Millions of people use Google Maps daily to help them get to tricky destinations in areas they’re unfamiliar with.
It’s regarded as an excellent service that is massively helpful to drivers and commuters alike.
However, very few things in life are perfect, and an over-dependence on Google Maps led one woman on a traumatic journey that ended up with her being hit by a motorcyclist.
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The woman was Lauren Rosenberg of Utah, who then launched a lawsuit against Google after the incident in 2010.
She downloaded Google directions onto her Blackberry from one part of Park City to the other and followed the route.
However, the map guided her onto the Utah State Route 224 – a major road with no sidewalks.
She unquestioningly followed that route and was sadly involved in the crash.
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She sued Google for around $100,000 after the incident for failing to warn her there was no safe place for pedestrians on the route.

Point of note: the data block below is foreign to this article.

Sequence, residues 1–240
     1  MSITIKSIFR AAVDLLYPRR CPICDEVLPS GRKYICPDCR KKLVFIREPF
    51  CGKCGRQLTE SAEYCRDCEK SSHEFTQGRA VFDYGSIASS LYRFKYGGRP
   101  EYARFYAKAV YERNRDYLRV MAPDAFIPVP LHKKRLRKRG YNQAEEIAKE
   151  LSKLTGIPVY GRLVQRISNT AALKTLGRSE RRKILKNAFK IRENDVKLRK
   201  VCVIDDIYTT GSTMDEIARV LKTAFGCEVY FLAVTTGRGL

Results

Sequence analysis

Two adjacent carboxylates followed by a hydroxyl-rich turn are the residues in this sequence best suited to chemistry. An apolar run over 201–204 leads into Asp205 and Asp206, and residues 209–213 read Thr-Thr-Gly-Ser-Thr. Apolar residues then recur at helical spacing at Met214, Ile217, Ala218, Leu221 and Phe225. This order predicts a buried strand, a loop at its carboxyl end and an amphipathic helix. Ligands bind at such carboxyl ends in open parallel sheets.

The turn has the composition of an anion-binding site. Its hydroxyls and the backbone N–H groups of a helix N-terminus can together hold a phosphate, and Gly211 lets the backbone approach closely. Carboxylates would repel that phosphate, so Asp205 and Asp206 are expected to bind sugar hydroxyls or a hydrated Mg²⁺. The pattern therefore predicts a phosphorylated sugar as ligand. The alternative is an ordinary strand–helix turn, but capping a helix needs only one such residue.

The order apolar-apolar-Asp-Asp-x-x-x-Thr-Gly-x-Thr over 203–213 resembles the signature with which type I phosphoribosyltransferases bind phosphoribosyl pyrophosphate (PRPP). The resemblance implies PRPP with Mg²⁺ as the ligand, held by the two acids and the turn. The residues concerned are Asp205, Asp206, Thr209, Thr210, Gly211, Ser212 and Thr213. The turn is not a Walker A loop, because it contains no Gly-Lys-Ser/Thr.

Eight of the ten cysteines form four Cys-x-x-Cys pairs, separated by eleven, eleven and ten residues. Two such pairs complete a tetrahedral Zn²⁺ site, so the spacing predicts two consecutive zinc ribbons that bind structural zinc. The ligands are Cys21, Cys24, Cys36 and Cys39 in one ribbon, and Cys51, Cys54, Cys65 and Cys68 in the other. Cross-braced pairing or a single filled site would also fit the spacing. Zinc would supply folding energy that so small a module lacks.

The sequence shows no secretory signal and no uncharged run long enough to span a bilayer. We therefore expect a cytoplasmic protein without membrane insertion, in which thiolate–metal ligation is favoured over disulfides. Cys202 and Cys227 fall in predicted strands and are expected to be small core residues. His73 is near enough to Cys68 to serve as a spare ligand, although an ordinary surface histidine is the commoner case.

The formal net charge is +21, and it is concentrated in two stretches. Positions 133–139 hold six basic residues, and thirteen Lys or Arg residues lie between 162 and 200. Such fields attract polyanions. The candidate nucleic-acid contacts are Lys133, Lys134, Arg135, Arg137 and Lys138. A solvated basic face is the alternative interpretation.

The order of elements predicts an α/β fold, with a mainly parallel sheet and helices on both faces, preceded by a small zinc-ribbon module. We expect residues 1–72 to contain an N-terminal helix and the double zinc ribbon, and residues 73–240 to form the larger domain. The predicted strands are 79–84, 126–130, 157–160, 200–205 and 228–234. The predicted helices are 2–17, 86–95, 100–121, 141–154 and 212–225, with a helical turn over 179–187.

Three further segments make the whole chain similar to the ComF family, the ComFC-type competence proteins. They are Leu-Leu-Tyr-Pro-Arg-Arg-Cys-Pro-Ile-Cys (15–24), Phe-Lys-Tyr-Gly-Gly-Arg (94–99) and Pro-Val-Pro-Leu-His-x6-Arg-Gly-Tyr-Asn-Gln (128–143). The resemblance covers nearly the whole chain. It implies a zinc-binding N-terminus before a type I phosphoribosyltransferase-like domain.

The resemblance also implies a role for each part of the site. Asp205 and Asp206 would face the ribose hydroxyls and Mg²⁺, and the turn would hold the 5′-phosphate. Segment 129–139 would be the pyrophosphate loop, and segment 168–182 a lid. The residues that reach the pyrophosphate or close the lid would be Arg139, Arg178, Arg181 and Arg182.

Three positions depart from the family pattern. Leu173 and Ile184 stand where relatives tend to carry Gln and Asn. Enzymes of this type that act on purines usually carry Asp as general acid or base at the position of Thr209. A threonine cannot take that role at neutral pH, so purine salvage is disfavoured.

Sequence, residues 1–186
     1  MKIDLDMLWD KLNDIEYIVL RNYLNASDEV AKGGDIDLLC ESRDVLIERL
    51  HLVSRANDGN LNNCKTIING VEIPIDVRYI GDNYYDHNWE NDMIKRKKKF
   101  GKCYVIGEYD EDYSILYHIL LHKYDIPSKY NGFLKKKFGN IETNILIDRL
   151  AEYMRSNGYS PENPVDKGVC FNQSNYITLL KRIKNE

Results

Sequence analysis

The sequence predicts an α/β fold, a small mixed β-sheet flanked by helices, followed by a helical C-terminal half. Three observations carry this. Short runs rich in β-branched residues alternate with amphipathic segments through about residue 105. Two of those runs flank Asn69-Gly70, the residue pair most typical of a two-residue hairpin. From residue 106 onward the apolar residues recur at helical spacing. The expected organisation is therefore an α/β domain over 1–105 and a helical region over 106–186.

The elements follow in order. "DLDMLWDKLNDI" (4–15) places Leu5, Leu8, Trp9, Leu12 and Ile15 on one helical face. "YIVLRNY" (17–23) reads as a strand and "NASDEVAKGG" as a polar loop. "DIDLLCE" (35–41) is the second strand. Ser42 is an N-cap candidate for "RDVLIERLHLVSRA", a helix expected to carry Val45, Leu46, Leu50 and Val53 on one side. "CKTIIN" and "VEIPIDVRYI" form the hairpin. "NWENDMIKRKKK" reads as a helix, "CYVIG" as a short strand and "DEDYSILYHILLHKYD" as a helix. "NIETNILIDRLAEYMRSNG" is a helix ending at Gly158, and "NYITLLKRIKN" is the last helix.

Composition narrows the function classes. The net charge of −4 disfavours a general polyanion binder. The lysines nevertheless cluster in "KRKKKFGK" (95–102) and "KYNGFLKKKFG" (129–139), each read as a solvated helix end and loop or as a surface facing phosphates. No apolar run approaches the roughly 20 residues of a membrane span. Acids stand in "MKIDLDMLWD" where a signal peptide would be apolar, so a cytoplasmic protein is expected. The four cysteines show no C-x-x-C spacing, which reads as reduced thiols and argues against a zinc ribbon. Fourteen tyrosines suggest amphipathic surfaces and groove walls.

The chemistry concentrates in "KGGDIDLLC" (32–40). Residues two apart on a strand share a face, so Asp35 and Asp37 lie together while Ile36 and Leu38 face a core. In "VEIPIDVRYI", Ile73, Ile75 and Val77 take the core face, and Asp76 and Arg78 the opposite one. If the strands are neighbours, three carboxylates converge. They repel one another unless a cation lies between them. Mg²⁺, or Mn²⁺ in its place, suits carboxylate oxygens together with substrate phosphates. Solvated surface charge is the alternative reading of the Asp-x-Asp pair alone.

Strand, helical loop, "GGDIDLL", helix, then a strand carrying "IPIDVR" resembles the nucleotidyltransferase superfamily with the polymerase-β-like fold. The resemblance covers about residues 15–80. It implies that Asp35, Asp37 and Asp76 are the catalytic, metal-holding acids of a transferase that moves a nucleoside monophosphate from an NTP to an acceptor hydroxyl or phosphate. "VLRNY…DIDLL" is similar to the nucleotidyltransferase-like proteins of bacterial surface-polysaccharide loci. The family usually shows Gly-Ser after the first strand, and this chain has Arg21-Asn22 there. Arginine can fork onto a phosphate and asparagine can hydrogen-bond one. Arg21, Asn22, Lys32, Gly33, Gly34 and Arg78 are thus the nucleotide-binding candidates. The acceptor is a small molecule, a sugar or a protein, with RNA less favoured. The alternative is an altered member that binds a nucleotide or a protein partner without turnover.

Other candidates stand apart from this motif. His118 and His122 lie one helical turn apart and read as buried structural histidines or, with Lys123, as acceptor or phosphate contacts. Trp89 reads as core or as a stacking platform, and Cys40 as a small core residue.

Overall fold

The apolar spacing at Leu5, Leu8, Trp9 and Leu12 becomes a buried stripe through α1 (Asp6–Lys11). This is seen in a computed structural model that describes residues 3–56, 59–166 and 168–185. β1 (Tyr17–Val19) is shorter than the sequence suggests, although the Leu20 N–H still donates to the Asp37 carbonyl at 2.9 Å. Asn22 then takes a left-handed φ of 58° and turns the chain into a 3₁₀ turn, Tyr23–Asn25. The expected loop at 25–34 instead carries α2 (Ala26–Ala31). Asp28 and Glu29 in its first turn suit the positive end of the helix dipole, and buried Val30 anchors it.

Her suit said: “Google Maps led her to walk on a busy road without sidewalks that were not reasonably safe for pedestrians.” I
It also said: “As a direct and proximate cause of Defendant Google’s careless, reckless and negligent providing of unsafe directions, plaintiff Lauren Rosenberg was led onto a dangerous highway and was thereby stricken by a motor vehicle.”
The case didn’t go well for her.
It was heard in 2011, and the court dismissed it, with the judge saying: “It is clear that Google was not required to anticipate that a user of the Google Maps service would cross the road without looking for cars . . . and that, absent negligence on the user’s part, an injury while crossing the road would be unlikely.”
This meant Google can’t really be held responsible for its users not looking at a road and realizing they might be in danger.